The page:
Pennsylvanian-permian chronostratigraphy of the eastern Midland Basin: Implications for basin filling evolution and paleogeography
Garcia, Jill N.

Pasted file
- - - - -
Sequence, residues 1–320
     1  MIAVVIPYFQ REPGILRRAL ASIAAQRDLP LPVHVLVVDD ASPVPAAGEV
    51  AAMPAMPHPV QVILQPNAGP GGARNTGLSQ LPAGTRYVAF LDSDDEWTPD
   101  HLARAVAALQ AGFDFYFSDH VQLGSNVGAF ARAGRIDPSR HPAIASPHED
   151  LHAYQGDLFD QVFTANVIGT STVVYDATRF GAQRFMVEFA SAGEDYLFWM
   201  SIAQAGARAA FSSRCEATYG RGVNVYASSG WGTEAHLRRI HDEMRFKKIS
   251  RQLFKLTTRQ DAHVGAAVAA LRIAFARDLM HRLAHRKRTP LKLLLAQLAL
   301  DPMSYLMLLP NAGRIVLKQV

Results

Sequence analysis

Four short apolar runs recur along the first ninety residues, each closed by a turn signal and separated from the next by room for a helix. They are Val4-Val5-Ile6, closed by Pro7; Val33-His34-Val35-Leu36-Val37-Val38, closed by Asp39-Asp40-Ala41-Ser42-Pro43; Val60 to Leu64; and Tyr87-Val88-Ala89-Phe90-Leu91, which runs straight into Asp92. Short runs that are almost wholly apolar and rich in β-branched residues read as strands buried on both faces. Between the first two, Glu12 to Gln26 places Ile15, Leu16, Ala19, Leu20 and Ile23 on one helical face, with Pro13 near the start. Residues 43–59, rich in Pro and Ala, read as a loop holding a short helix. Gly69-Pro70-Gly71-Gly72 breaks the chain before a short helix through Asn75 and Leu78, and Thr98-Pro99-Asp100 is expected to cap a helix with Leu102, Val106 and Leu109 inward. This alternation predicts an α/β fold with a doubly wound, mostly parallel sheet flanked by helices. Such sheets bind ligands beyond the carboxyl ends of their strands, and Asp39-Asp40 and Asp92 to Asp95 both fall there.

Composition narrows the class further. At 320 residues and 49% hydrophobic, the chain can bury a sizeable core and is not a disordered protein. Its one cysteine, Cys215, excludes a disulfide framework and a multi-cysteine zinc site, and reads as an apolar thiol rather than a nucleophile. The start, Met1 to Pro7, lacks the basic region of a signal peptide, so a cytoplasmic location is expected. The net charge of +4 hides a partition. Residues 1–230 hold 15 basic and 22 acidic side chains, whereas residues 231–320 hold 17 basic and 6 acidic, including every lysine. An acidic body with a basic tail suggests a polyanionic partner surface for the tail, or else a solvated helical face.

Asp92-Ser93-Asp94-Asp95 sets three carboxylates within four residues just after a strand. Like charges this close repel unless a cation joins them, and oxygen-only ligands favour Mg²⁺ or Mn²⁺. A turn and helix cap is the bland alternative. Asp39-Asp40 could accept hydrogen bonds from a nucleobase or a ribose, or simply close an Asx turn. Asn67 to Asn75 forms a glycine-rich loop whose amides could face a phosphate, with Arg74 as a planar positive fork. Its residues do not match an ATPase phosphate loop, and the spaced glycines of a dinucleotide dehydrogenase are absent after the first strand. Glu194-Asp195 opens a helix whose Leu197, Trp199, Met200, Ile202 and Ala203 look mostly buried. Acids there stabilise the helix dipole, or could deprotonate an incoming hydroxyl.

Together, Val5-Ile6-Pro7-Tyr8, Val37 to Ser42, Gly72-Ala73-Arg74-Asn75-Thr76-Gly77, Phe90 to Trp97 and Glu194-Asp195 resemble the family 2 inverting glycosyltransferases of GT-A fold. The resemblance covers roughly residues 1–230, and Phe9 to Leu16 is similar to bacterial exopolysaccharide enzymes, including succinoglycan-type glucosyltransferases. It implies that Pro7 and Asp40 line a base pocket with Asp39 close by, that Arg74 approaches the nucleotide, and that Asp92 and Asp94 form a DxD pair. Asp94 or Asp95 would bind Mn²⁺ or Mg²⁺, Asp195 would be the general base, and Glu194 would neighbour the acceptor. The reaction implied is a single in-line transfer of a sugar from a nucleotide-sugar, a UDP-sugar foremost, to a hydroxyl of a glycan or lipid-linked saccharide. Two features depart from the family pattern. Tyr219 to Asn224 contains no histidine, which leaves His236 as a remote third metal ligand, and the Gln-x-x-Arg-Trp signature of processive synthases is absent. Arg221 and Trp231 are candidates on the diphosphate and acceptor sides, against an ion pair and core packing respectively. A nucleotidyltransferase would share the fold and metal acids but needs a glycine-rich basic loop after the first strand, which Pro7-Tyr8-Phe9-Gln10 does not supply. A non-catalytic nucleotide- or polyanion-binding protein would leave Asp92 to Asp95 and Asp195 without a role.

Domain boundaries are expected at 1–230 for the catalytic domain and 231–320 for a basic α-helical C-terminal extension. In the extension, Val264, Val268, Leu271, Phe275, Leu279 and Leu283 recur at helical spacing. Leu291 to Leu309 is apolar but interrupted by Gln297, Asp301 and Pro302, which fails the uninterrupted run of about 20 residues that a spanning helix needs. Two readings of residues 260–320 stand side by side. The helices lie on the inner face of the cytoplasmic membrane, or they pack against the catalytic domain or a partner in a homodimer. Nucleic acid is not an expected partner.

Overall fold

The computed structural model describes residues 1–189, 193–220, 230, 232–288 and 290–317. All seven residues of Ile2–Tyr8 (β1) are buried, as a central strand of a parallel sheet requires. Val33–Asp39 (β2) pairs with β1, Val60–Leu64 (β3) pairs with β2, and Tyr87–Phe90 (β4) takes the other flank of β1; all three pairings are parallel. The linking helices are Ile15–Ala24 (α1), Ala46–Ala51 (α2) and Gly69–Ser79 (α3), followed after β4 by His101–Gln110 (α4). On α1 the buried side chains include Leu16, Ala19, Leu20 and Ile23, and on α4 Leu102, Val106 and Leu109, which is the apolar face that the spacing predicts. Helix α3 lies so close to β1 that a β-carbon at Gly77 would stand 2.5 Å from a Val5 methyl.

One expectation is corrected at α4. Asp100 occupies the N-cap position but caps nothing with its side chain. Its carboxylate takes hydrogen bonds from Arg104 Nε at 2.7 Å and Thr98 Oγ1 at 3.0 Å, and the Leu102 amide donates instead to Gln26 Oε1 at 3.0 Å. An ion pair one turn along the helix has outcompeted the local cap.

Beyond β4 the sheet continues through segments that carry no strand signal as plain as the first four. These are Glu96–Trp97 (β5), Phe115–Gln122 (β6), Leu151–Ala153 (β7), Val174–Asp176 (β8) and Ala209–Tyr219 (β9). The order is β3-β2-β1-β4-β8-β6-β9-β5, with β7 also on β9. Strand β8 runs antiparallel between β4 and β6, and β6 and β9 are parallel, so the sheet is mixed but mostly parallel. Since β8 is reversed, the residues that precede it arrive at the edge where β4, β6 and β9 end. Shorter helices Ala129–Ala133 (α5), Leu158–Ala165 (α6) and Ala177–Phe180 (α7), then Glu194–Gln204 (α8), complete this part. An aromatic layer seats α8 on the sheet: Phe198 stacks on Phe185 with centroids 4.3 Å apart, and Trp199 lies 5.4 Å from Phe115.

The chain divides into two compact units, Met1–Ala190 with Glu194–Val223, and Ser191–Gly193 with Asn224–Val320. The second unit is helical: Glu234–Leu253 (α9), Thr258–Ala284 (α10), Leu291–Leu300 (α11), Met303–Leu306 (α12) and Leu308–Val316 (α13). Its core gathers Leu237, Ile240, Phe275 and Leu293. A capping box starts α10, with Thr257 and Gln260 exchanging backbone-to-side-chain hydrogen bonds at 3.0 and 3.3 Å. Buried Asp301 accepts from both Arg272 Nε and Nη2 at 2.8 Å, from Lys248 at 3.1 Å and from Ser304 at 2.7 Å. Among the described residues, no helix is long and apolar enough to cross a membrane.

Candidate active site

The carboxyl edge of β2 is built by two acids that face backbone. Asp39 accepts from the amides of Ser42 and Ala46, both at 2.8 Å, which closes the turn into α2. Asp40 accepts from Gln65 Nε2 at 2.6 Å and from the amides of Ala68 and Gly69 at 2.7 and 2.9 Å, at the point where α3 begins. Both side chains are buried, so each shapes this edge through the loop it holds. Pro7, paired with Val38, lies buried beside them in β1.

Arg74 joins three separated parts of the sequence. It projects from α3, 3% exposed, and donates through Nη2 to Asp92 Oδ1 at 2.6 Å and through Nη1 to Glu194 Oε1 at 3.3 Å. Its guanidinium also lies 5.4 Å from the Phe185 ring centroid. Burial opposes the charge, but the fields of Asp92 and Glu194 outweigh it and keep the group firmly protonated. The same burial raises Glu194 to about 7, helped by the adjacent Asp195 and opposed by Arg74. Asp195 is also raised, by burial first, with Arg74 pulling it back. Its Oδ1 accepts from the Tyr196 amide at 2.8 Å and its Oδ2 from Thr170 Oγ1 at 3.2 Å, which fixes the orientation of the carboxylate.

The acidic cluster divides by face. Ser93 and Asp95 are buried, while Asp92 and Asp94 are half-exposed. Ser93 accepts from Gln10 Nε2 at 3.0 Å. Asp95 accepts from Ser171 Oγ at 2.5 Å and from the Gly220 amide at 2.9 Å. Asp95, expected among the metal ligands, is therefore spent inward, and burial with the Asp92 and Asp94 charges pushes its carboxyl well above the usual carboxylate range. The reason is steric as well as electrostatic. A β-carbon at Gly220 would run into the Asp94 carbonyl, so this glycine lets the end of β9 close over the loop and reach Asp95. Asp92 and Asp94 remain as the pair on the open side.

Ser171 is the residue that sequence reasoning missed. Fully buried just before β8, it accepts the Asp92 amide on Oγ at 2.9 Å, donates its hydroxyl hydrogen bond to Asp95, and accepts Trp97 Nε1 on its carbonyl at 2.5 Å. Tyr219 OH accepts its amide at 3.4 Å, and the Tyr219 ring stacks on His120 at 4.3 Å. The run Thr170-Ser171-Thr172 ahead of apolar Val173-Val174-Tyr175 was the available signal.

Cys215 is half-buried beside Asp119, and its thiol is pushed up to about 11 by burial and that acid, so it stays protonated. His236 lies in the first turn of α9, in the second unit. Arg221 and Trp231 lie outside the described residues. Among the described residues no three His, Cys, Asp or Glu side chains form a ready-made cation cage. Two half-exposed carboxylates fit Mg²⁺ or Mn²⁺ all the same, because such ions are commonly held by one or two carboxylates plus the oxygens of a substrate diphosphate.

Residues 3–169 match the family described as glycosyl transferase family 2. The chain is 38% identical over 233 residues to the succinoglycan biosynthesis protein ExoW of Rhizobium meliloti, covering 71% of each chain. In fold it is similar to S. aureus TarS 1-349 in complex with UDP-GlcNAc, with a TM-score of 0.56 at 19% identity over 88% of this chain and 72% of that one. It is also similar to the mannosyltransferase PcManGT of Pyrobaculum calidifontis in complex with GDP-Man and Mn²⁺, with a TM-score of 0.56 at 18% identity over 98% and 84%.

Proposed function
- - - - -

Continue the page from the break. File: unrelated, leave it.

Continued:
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The Midland Basin of the Permian Basin Province in West Texas has proven to be a lucrative source of petroleum and natural gas since the 1970’s. Unfortunately, large-scale sub-surface maps of the region, especially for the eastern shelf of the basin, are not readily available. Fusulinid biostratigraphy has provided an opportunity to construct chronostratigraphic surfaces of several Pennsylvanian-aged and Permian-aged units in the Midland Basin, including the Atoka, Strawn, Canyon, Cisco, Wolfcamp, and Leonard. A collection of fusulinid occurrence reports compiled by R.V. Hollingsworth catalog fusulinid last appearance datums of genera characteristic of the units above and represent the main data in the Permian Basin Archival of Biostratigraphic Tops (PABZT) project. These datums were used to create paleogeographic maps of the Midland Basin from the Late Pennsylvanian through early Permian. The shelf edge of the eastern Midland Basin is delineated using these maps, through geometric reconstruction of the eastern shelf. Along each cross section a topographic profile was created, which revealed the quantitative position of the shelf edge during each time interval. The shelf edge position produced through the PABZT data is then compared against maps depicting coeval time frames that were mined from existing Permian Basin literature. The distances were divided against one another, and produced a ratio that determined the accuracy of the constructed shelf edges versus the literature’s shelf edges. For example, an accuracy ratio of 1.0 indicates exact shelf positions locations, less or greater than that indicated how much distance existed between the positions. Comparison of accuracy ratios showed a high degree of similarity between the Canyon and Cisco paleogeographic maps and the BEG’s picks. Variance from north-to-south along the eastern shelf may be the result of the loss of chronostratigraphic significance when lithologically correlating thicker packages of strata in the south to thinner strata units in the north. Analysis of the chronostratigraphic surfaces also revealed the progradational and aggradational trends along the eastern shelf. The northern and southern regions displayed dissimilar histories of shelf movement. The maximum amount of progradation observed between the two regions was an event that began during the Virgilian through the Wolfcampian and exhibited 80 kilometers of landward shelf movement. One aggradation pattern that was correlated between both areas was the Atokan to Missourian/Virgilian event. This event has been correlated to both the northern and southern regions, and indicates a regional transgression event. The eastern shelf experienced local progradational and aggradational events of similar magnitudes, and two major events were recorded in northern and southern locations. Most likely the significant progradational episodes during the Virgilian to Wolfcampian were the result of sediment supply increasing from the Llano Uplift, and waning tectonic activity. This resulted in the reduction of available accommodation space, especially along the eastern shelf. The aggradational events seen during the Atokan to Missourian/Virgilian are likely driven by a higher rate of basin subsidence in the Pennsylvanian. These results suggest greatly reduced subsidence near the Pennsylvanian-Permian boundary, a relationship observed elsewhere in late Paleozoic basins across western equatorial Pangaea.